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Title: The Last Days of the Rebel Iron-clad Merrimac and Occupation of Norfolk, as Seen From the U.S.S. Su Format: Hardcover Product dimensions: 22 pages, X X in Shipping dimensions: 22 pages, X X in Published: Aug Language: English. The Confederacy hoped its first ironclad, the CSS Virginia, would smash the Union naval blockade of the Southern not long after its combat debut in March of at the Battle of Hampton Roads, the state-of-the-art warship had to be scuttled by her own crew.
Search result for sven-rebel: Wodka, Weiber, Wasserleiche(), The British in Bengal (), The Last Days of the Rebel Iron-Clad Merrimac and Occupation of Norfolk, as Seen from the U.S.S. Susquehanna(), The Last Days of the Rebel Iron-Clad Merrimac and Occupation of Norfolk, as Seen from the U.S.S.
Susquehanna(), Von. The last days of the Rebel iron-clad Merrimac and occupation of Norfolk, as seen from the U.S.S. Susquehanna. Prepared by Companion Acting Master Alfred L. Zerega and read at the stated meeting of February 3, "The Last Days of the Rebel Iron-Clad Merrimac and Occupation of Norfolk, As Seen from the USSSusquehanna," Read at the meeting of the Military Order of the Loyal Legion of the United States, Commandery of the District of Columbia, 3 February, Filed in Navy Library pamphlet collection.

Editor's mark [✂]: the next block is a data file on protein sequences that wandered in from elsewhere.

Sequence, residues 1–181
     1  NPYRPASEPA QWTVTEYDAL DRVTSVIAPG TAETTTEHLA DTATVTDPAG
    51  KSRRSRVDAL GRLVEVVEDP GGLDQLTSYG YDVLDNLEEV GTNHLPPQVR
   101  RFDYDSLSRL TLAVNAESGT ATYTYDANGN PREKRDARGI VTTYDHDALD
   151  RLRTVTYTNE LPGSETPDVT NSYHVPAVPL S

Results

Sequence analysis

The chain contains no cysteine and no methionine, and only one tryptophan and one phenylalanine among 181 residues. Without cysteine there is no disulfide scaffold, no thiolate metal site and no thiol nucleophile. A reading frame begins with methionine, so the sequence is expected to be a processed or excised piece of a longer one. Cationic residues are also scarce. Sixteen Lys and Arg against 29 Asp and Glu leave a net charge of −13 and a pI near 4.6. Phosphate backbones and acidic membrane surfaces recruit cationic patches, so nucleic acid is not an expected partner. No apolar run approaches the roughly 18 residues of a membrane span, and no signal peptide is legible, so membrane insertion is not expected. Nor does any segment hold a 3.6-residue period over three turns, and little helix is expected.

MOLLUS Archival Documents. Accession # Collection Type Object Name Date Description. Documents Scrapbook "The Last Days of the Rebel Iron - Clad Merrimac and Occupation of Norfolk as seen from the Book Presented by Major Allen Van Dyke, Assistant.
Home» Civil War Resources» MOLLUS articles. The Last Days of the Rebel Iron-Clad Merrimac and Occupation of Norfolk, As Seen From the U.S.S. Susquehanna: Zerega, Alfred L. 1: This book contains pages of index, and will be added at a later time. 1: Indiana: Wallace, Lew. The Battle of Hampton Roads, also referred to as the Battle of the Monitor and Merrimack (or Virginia) or the Battle of Ironclads, was a famous and arguably most important naval battle of the American Civil was fought over two days, March 8–9,in Hampton Roads, a roadstead in Virginia where the Elizabeth and Nansemond rivers meet the James River just before it enters Chesapeake Location: Off Sewell's Point (modern-day Norfolk), near.